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Home Property Property: Fixing your interest rate
Property - The Billboard

Property: Fixing your interest rate


Property Editorial published in the July 2016 edition of The Billboard:

How to make a decision about fixing your interest rate.

Are you thinking of fixing the interest rate on your home loan? Here are five helpful insights to help you decide.

Like most home owners, you probably breathed a huge sigh of relief when you heard the announcement from the Monetary Policy Committee that the prime interest rate would remain unchanged. If you are one of the many people who have had to tighten their belts as their home loan repayments increased over the last year, fixing your interest rate at the bank may sound like a good idea.

Kay Geldenhuys, manager of property finance processing at ooba, highlights these points to help you make the decision:

1.  A small change in the interest rate can mean big additional cost for you.

If you are paying off a R1 million house over 20 years at a 10.5% interest rate, you will pay R9 983.80 per month, and a total payment of R2 396 111.73 over the lifetime of your loan. If the interest rate increases by just 0.25 points to 10.75%, your monthly repayments will be R10 152.29, and you will pay back R2 436 549.49 over the 20-year term.

“That’s a difference of R40 437.76 – a significant amount of money from such a small shift,” says Geldenhuys. “It’s worth thinking about what you can do to protect yourself against these changes.”

2. It costs you money to fix your interest rate.

“Banks hedge their own risk of the interest rate going up by only allowing you to fix your rate at a rate higher than the one you are currently paying,”  explains Geldenhuys.

So if you are paying your bond repayments at an interest rate of 10.5%, your bank might only allow you to fix that rate at 11% or even 11.5%. This means that you will already be subject to some of the potential future increases you are trying to protect yourself against.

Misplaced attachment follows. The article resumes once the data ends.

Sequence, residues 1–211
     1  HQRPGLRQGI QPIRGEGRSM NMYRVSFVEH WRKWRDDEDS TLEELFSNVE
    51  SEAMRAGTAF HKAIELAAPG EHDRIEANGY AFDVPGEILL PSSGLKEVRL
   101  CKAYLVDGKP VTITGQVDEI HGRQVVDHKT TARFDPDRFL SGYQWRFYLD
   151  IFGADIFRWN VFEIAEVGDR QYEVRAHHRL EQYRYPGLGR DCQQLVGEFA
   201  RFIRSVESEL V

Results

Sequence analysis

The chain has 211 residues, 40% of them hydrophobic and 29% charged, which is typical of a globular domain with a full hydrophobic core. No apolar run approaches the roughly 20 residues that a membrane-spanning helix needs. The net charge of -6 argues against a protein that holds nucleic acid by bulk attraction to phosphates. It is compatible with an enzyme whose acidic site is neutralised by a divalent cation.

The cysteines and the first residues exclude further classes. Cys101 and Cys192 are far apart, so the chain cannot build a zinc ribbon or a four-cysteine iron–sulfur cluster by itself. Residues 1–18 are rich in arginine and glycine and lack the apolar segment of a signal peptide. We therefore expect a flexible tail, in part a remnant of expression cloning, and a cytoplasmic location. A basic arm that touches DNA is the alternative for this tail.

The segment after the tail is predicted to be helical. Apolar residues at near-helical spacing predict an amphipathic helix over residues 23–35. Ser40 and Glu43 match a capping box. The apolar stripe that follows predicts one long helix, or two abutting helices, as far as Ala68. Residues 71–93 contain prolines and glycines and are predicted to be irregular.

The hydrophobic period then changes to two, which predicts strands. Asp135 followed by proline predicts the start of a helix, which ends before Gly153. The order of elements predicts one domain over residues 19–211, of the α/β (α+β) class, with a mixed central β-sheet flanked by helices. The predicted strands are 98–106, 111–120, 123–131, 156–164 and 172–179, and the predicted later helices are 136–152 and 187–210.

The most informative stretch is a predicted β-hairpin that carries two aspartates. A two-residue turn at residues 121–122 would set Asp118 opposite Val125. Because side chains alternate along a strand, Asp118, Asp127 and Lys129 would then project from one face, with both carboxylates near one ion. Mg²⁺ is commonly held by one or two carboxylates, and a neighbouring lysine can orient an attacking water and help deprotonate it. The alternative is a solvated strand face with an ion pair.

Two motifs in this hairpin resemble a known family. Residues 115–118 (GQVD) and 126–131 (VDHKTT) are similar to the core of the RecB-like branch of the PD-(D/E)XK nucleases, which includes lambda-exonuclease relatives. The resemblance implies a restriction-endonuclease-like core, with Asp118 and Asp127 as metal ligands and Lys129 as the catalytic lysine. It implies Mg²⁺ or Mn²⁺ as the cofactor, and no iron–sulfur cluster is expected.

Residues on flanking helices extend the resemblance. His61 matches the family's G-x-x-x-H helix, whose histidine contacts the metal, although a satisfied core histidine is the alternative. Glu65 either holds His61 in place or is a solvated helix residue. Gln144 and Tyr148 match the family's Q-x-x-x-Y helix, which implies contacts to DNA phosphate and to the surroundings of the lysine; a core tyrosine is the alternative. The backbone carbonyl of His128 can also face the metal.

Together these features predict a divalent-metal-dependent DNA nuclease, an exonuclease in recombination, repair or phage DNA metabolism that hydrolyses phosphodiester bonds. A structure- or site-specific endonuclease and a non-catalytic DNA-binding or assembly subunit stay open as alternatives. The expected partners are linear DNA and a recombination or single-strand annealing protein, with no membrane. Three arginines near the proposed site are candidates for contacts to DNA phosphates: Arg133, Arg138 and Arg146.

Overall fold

3. You won’t be able to fix your interest rate forever

Most banks limit the fixing of the interest rate to a specific term. This means that you can protect yourself against fluctuations in the short term – usually between one to five years – but at the end of that term, you will have to renegotiate your rate.

“This means that you might lose out on incremental growth and adjustment over time, and have to pay significantly more each month at the end of the term,” says Geldenhuys. “But you can guard against this by watching the interest rate fluctuations so that you are aware of what might happen.”

4. Fixing your interest rate allows you to plan your finances

The one benefit that fixing your interest rate does guarantee is that it allows you to plan your finances around a fixed cost. “With so many other costs spiralling out of control, it can be reassuring to know that one of your biggest expenses isn’t going to change,” says Geldenhuys.

To fix or not to fix?

While many analysts will offer their opinion on whether the interest rate is likely to increase, remain unchanged or decrease, nobody can really tell. The Monetary Policy Committee has to weigh up a variety of factors when addressing this issue, and many of these factors change between each announcement.

Because it’s impossible to predict the interest rate’s future behavior, the decision to fix your home loan rate must be made for personal reasons. Simply put, is it better to pay a little extra to be able to plan around a specific rate for a one to five year term, or is it better to continue to ride the fluctuations?

“Deciding what to do can be tricky. But, whatever you do, make sure that you make a decision that is in line with your personal goals. Did you buy the property as an investment over the long-term, or are you looking to sell in the short-term? The answers to these questions will help you decide on whether you should indeed fix your interest rate,” concludes Geldenhuys.

Text supplied by ooba

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